In 1909 James E. Talmage wrote The Great Apostasy, in which he gathered New Testament passages that Latter-day Saints have cited to show that a great apostasy was predicted by Jesus Christ, Paul, and other apostles and prophets (esp. Matt. 24:4-13, 23-26; Acts 20:29-30; Gal. 1; 2 Thes. 2:7-8; 1 Tim. 4:1-3; 2 Tim. 3:1-6;4:1-4; Jude 1:3-4; Rev. 13:4-9;14:6-7; and in the Old Testament, Amos 8:11-12). Talmage also chronicled the persecution of early Christians that hastened the Apostasy and described the primitive Church as changing internally in several respects. He argued that the simple principles of the gospel were mixed with the pagan philosophical systems of the day (Trinitarianism, resulting in the Nicene Creed; false opposition of body and spirit, creating excessive asceticism); that rituals were changed and added to in unauthorized ways (simple early Christian rites were replaced by complex pagan-influenced ceremonies; baptism by immersion was lost; the baptism of infants was introduced [cf. Moro. 8]; communion was changed); and that church organization was altered (the apostles and prophets, the necessary foundation of the church of Christ, were martyred, leaving a void that could not be filled by bishops; thus the medieval church showed little similarity to the organization or practices of the New Testament church).
LDS teachings on the early Christian apostasy have received additional support in the twentieth century as some scholars have argued that the primitive Church began as a centralized Judaic organization, was faced with the challenge of a Hellenized/Oriental, ascetic Gnostic Christianity, and became like its enemy in order to compete. The very idea of a centralized Christianity has given way to a picture of diverse and fragmented early Christianity, where it is hard to determine what is orthodox and what is heretical, what is Gnostic and what is "mainstream." For instance, Peter Brown and William Phipps argue that Augustine's influential doctrine of original sin, with its concomitant ritual, infant baptism, was derived from his Gnostic background and was, in reality, heretical, while Pelagius' opposition to these ideas was orthodox. But Augustine's doctrines prevailed, and continue to influence Western theology and culture. Another early Christian doctrine that did not survive in Western Christianity was deification, though it remained central to Eastern Christianity.
A complex religious and cultural milieu both nurtured and transformed early Christianity. Many factors must be taken into consideration in analyzing this transformation of Christianity. For example, some have put the blame exclusively on Greek philosophy and the influence of philosophy on Gnosticism for the rise of the great apostasy. But asceticism (i.e., hatred of the body, of sexuality, of the physical world) played a major role in the apostasy of the early church, and extreme asceticism is characteristically Oriental. Moreover, much of Greek philosophy has been found to be consistent with the gospel; Elder Orson F. Whitney referred to Plato and Socrates as "servants of the Lord," although in a "lesser sense" than the prophets (CR [April 1921]:33).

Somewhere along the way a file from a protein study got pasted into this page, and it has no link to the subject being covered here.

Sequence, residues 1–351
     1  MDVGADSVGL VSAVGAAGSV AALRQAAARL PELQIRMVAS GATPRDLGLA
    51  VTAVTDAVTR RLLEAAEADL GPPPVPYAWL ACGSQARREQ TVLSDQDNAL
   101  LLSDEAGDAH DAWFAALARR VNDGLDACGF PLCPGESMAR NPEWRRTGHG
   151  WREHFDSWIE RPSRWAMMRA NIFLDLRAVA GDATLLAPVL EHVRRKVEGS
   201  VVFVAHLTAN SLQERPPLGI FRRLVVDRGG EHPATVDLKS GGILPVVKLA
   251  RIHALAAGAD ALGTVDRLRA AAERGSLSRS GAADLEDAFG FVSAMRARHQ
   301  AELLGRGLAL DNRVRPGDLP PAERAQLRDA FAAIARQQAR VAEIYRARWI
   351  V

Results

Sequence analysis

The concept of a historical apostasy from early Christianity can present a barrier between Latter-day Saints and others concerned with interfaith relationships. But Latter-day Saints do not view these events judgmentally; much of spiritual value happened during the Middle Ages and in other Christian churches. Brigham Young emphasized that good men before the restoration had "the spirit of revelation" and stated that John Wesley was as good a man "as ever walked on this earth" (JD 7:5; 6:170; 11:126). President Young held that all churches and religions have "more or less truth" (JD 7:283), and he admonished the Saints to seek and accept truths wherever they might be found. In conference talks, General Authorities, including President Spencer W. Kimball and President Thomas S. Monson, have quoted or praised such luminaries as Billy Graham and Mother Teresa.
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Brown, S. Kent. "Whither the Early Church?" Ensign 18 (Oct. 1988):7-10.
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Nibley, Hugh. The World and the Prophets. In CWHN 3.
Nibley, Hugh. Mormonism and Early Christianity, in CWHN 4, treats the disappearance of Christian baptisms for the dead (1948, pp. 100-167); the reshaping of early Christian texts and histories in light of the failure of the infant church to survive (1955, pp. 168-322); the forgotten teachings of Jesus during hi
Peterson, Daniel C., and Stephen D. Ricks. "Comparing LDS Beliefs with First Century Christianity." Ensign 18 (Mar. 1988):7-11.
Phipps, William. "The Heresiarch: Pelagius or Augustine?" Anglican Theological Review 62 (1980):130-31.
Roberts, B. H. The "Falling Away." Salt Lake City, 1931.
Roberts, B. H. Outlines of Ecclesiastical History. Salt Lake City, 1893.
Robinson, Stephen E. "Early Christianity and 1 Nephi 13-14." In First Nephi, The Doctrinal Foundation, ed. M. Nyman and C. Tate, pp. 177-91. Provo, Utah, 1988.
Rudolph, Kurt. Gnosis: The Nature and History of Gnosticism. San Francisco, 1983.
Sperry, Sidney B. "New Light on the Great Apostasy." IE 53 (Sept. 1950):710-11, 744-51.
Talmage, James. The Great Apostasy. Salt Lake City, 1909.
Vogel, Dan. Religious Seekers and the Advent of Mormonism, pp. 49-66. Salt Lake City, 1988, contains valuable bibliography; reviewed by Grant Underwood, BYU Studies 30 (Winter 1990):120-26.